This book discusses the extent to which the UK Human Rights Act successfully balances protection of rights and democracy. It explores the claim that the Act achieved a reconciliation between the protection of rights and democracy.
1. Introduction 2. Literature review 3. Theoretical framework 4. The nature of democracy 5. Constitutional review – a rights-protection pact 6. The classic constitution 7. Human Rights Act and democracy 8. Reasons for compliance: constitutional conventions, atrophication and internationalisation 9. Legitimate breach 10. Conclusions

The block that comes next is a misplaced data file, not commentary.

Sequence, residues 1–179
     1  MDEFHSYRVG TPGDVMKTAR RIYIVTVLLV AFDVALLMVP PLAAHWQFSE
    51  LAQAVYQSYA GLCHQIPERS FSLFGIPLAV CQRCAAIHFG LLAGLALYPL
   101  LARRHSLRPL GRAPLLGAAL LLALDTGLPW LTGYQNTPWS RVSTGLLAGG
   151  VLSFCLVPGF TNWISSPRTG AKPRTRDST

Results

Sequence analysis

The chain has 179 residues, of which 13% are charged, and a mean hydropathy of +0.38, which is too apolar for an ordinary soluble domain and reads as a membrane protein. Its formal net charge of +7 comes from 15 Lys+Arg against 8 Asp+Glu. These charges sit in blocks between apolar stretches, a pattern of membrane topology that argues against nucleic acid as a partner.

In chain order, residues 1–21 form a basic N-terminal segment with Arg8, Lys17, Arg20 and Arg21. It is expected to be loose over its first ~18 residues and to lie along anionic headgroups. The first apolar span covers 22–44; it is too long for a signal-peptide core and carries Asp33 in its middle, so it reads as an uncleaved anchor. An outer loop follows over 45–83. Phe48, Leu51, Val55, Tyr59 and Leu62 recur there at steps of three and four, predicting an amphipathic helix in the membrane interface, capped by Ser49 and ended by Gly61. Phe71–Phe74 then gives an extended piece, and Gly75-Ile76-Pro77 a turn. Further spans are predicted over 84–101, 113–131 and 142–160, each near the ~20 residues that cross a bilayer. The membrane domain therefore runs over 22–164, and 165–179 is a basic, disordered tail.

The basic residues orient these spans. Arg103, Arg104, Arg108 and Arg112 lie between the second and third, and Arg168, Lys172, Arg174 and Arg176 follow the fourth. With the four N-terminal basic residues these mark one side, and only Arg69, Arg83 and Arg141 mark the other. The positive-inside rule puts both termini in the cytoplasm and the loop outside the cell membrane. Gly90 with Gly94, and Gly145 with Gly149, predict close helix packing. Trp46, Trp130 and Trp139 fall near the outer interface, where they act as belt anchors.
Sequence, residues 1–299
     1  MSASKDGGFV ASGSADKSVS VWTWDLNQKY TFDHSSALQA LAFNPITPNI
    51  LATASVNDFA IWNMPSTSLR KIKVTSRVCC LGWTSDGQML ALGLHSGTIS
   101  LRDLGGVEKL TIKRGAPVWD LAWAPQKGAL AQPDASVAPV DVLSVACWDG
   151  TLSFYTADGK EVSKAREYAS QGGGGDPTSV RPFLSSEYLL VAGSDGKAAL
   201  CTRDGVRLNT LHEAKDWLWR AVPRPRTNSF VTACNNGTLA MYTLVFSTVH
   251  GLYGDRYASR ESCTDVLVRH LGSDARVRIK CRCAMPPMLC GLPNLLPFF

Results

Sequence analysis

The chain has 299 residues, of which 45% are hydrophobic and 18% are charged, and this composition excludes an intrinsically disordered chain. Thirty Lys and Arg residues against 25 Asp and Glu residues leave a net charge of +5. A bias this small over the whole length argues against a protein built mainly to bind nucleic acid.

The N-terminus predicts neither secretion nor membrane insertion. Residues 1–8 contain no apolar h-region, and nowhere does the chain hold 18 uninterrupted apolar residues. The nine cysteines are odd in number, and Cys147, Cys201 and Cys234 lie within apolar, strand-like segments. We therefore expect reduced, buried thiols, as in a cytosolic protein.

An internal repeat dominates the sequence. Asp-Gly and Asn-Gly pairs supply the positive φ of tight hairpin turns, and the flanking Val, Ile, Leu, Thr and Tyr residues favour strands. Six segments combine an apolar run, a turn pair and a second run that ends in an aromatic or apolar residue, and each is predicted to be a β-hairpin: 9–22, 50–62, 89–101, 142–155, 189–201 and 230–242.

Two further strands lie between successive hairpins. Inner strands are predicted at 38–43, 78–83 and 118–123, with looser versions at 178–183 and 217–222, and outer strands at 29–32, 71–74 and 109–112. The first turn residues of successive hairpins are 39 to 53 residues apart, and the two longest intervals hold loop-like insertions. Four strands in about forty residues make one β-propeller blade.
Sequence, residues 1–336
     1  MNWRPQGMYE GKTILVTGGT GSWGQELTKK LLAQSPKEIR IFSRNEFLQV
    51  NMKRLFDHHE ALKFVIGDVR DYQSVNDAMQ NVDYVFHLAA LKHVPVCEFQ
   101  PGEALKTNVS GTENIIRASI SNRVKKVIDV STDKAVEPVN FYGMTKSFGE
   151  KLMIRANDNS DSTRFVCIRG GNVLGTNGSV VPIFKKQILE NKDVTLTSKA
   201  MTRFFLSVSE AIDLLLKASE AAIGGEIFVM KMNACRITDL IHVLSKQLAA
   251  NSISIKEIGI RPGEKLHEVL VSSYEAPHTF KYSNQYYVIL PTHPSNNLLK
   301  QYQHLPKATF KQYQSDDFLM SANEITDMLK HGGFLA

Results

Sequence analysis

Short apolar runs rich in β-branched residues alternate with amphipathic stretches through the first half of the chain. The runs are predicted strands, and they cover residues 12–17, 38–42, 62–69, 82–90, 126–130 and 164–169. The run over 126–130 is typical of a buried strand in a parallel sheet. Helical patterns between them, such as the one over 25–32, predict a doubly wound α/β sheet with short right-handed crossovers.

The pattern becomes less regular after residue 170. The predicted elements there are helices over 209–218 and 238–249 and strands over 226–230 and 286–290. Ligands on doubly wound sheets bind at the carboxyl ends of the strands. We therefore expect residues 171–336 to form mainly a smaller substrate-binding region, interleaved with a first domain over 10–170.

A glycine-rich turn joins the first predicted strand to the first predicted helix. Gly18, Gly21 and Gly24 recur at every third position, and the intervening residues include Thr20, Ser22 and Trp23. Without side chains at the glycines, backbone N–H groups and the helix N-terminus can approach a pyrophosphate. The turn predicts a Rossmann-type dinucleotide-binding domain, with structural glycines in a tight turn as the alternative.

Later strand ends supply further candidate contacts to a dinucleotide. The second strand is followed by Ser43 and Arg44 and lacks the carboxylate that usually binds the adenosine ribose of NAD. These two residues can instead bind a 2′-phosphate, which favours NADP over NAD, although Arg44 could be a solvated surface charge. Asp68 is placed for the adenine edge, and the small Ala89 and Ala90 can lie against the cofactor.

This series features thought-provoking and original scholarship on constitutional law and theory. Books explore key topics, themes and questions in the field with a particular emphasis on comparative studies. Where relevant, titles will engage with political and social theory, philosophy and history in order to offer a rounded analysis of constitutions and constitutional law.